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Valley Perspective

Self-Policing Is Best Traffic Ticket : LAPD crackdown a necessary reminder to obey rules of the road

September 29, 1996

Getting a traffic ticket ranks right up there with bad hair days and Brussels sprouts for most people. So it was somewhat surprising that a Los Angeles Police Department study found local motorists actually want traffic cops to issue more tickets for bad driving. Less surprising: Those same motorists think other drivers--not themselves--deserve the tickets.

Over the past nine months, officers assigned to the LAPD's Valley Traffic Division have obliged by writing tickets at the staggering pace of one every five minutes, on average. In August, for instance, police wrote 8,595 tickets. By the end of the year, they could write as many as 100,000.

The goal is not to boost city coffers--although that happens, too--but to curb the kind of driving that gets people killed. It's working. So far this year, serious and fatal collisions in the Valley are down 22% from last year, dropping from 426 to 326. The rationale behind Capt. Alan Kerstein's order for more tickets is that the threat of a several hundred dollar fine goes a long way toward promoting safe driving.

It's tough to fault the pocketbook logic of Kerstein's argument. And it's tough to fault the need. Because of the Valley's wide, straight streets drivers are able to build up speed more easily--resulting in more injuries and deaths than in other parts of the city. Even before the crackdown, the Valley accounted for nearly half of the 173,364 tickets police wrote citywide last year. So prevalent are scofflaw drivers that residents ranked them in a recent LAPD study as dangerous to community safety as drugs and violent crime--and ahead of youth gangs. In fact, the average person is more likely to die in a traffic accident than in a random violent crime.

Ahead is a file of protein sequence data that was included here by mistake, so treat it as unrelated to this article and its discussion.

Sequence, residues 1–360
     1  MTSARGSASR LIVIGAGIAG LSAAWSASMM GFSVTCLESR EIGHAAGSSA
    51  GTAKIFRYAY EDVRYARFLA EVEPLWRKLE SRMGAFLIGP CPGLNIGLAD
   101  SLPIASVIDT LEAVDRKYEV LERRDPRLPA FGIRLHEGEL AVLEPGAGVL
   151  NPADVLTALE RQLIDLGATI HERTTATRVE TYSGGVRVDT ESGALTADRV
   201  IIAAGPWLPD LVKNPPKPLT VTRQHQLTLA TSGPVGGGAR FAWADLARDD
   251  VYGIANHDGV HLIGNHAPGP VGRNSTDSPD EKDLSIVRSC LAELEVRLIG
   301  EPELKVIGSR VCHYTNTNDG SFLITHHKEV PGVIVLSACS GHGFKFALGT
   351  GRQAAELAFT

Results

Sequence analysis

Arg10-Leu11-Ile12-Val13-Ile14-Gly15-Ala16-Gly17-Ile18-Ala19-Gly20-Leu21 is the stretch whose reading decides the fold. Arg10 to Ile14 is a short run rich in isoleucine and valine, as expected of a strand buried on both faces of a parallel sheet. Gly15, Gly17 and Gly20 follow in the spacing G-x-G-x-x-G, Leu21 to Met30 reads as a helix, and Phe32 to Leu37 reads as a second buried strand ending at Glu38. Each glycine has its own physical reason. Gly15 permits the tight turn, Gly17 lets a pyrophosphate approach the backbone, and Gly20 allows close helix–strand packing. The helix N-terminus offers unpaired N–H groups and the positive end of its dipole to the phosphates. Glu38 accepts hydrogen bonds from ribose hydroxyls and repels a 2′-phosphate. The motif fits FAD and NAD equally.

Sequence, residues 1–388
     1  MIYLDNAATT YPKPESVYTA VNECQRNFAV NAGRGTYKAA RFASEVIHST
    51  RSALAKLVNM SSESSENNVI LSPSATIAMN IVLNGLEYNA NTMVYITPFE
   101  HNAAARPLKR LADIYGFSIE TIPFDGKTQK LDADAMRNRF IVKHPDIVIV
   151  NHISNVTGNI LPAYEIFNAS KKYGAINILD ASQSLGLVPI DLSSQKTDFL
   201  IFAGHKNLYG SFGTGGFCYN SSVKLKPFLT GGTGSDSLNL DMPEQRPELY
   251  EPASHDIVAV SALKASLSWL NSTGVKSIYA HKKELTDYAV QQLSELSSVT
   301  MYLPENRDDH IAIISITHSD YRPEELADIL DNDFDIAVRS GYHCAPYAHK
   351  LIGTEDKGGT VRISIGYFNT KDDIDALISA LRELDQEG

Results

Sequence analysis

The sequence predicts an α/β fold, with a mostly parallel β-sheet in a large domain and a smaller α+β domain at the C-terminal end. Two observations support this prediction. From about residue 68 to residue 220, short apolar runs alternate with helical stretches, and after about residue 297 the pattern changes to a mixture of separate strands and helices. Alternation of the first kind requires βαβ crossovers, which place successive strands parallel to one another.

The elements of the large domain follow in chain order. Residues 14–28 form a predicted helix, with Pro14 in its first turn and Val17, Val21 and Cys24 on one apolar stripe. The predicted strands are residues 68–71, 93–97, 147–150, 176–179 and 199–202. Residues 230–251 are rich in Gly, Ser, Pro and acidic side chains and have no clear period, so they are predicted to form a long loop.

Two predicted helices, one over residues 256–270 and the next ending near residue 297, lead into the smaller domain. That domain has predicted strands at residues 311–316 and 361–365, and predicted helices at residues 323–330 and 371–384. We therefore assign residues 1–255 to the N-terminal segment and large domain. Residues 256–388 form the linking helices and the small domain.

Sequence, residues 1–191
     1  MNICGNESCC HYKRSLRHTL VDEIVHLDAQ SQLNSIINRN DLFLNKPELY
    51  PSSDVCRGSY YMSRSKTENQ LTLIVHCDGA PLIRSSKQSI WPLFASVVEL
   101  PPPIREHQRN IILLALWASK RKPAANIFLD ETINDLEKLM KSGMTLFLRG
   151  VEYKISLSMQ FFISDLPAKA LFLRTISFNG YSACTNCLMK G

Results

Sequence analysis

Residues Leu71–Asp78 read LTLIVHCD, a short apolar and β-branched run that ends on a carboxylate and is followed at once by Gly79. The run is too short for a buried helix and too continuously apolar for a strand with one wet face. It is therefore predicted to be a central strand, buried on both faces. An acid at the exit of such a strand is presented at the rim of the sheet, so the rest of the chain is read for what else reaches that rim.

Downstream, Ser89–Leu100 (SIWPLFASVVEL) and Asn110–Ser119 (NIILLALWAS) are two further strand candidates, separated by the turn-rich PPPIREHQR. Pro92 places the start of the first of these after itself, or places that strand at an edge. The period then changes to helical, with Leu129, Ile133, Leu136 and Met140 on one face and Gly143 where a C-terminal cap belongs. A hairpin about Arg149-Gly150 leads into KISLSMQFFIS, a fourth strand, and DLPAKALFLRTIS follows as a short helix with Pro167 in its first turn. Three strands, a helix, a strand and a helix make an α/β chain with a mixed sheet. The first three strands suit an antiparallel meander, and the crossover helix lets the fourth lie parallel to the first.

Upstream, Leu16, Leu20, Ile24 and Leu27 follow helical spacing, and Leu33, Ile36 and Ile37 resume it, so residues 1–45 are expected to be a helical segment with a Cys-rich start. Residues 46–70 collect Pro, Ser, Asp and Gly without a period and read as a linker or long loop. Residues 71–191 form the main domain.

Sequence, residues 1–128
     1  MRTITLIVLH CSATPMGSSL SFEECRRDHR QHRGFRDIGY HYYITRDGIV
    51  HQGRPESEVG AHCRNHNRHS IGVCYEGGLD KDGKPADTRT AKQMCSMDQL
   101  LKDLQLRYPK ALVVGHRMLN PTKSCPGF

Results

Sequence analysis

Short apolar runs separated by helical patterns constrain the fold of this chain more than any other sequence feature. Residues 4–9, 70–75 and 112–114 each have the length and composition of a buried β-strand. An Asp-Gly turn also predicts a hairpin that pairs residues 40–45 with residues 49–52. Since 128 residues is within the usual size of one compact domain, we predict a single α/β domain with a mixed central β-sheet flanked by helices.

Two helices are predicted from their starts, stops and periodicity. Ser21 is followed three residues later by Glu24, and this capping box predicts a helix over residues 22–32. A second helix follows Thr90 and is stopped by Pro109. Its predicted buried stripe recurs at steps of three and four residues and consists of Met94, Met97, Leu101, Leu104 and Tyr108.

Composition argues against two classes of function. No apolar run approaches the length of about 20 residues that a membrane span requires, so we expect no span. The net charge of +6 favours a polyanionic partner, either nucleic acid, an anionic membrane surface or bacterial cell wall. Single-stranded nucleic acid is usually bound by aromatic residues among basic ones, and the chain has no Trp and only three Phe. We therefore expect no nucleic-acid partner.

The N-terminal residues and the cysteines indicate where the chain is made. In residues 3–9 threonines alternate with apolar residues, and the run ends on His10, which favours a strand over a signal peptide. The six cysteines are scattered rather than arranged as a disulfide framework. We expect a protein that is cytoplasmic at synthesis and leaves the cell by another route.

Of course, not everyone is pleased by the stepped-up enforcement. Groups that cater to driving enthusiasts make the unconvincing argument that crackdowns like Kerstein's don't do much good. They contend that accidents can actually increase right along with the ticket count. The laws of probability will no doubt prove them right from time to time, but the overwhelming evidence is that enhanced enforcement saves lives. They also claim that some drivers are better than others, which is certainly true. But it's no reason to allow those people--and all of us think we are those better drivers--to break traffic laws designed for the safety of others.

The bottom line: Traffic rules are easy to obey. Yet all of us regularly ignore them with the conceit that we are competent enough drivers to know better than the law. For every ticket we get, we probably avoid 10 or 20 others, according to traffic statistics, simply because there are not enough cops to stake out every corner. It's pretty simple, really. If we care as much about traffic safety as we say we do, then the best solution is to recognize how often we are the bad drivers we gripe about. And if we forget, chances are good a Valley traffic cop will be happy to remind us.

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